FHA, VA 'Assumability' Option Lets Buyers Take Over Sellers' Loans

FHA, VA 'Assumability' Option Lets Buyers Take Over Sellers' LoansIf mortgage terms on new loans are not as attractive as they were a few months ago, there is another option for sellers with mortgages insured by the Federal Housing Administration or the Department of Veterans Affairs.
The two government agencies offer a little-known option known as assumability. The feature allows the buyer of a home financed with an existing F.H.A. or V.A. loan to assume the seller’s loan under the same terms, rather than take out a new mortgage, as well as looking into va loan closing costs, to make the decision easier when it comes to purchasing a house.

As interest rates rise, homes for sale with an assumable, lower-rate mortgage may have much broader appeal for certain buyers.
The New York Times reports on this FHA/VA feature.
“You could now have a seller saying, ‘I have a great house to sell you and a great mortgage to go with it, which is better than my neighbor, who only has a great house,’ ” Marc Israel, an executive vice president of Kensington Vanguard National Land Services and a real estate lawyer, told the Times. “It’s a very clever idea.”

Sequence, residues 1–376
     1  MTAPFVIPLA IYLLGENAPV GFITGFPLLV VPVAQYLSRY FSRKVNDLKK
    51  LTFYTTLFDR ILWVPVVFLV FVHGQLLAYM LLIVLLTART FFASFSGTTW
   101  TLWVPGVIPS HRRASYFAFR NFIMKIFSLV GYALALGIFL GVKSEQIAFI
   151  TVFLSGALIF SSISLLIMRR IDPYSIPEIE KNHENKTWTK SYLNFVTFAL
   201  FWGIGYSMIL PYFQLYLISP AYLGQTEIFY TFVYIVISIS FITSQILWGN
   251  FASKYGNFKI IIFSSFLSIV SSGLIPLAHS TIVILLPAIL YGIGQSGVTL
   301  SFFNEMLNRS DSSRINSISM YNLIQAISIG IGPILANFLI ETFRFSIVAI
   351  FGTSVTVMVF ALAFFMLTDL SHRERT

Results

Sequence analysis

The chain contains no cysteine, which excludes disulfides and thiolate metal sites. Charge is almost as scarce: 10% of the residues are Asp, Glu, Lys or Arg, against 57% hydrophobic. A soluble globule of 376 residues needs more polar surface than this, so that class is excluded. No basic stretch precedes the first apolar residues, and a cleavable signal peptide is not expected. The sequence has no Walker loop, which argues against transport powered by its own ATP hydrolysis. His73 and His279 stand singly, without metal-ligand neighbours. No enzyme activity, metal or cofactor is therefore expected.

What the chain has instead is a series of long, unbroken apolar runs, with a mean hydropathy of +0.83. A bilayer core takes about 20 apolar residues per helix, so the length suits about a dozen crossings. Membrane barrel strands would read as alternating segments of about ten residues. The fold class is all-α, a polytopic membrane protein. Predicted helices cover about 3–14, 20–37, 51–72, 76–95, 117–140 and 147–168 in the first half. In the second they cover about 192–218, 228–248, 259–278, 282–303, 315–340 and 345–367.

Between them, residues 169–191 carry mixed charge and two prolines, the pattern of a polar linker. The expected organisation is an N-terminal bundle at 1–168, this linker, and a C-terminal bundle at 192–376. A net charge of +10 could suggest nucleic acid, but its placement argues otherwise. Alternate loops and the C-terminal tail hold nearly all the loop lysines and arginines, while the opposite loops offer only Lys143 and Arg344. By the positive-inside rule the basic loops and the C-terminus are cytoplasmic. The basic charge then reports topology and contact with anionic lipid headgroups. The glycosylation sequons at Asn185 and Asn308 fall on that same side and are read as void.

The benefits for the buyer assuming the loan goes beyond a lower interest rate. Assuming a loan can be cheaper than applying for a new one. There are fewer settlement fees and an appraisal is not required — however, a buyer may want to obtain one anyway.
F.H.A. loans do require that the borrower pay for mortgage insurance over the life of the loan. But when assuming a loan, borrowers do not have to pay the upfront mortgage insurance premium required on a new loan.
In some case, when the original mortgage holder has paid on a loan for years, the buyer assuming the debt will start at a point deeper into the amortization schedule than on a new loan. That means more of the monthly payment will go toward principal.
The Times gives this example of a transaction involving assumability: The seller’s loan balance is $150,000, and the sale price for the property is $200,000. The borrower assuming the loan must come up with the $50,000 difference, either in cash or through some type of subordinate financing.
Borrowers seeking to assume a loan must also prove their creditworthiness as they would for any F.H.A. or V.A. loan.

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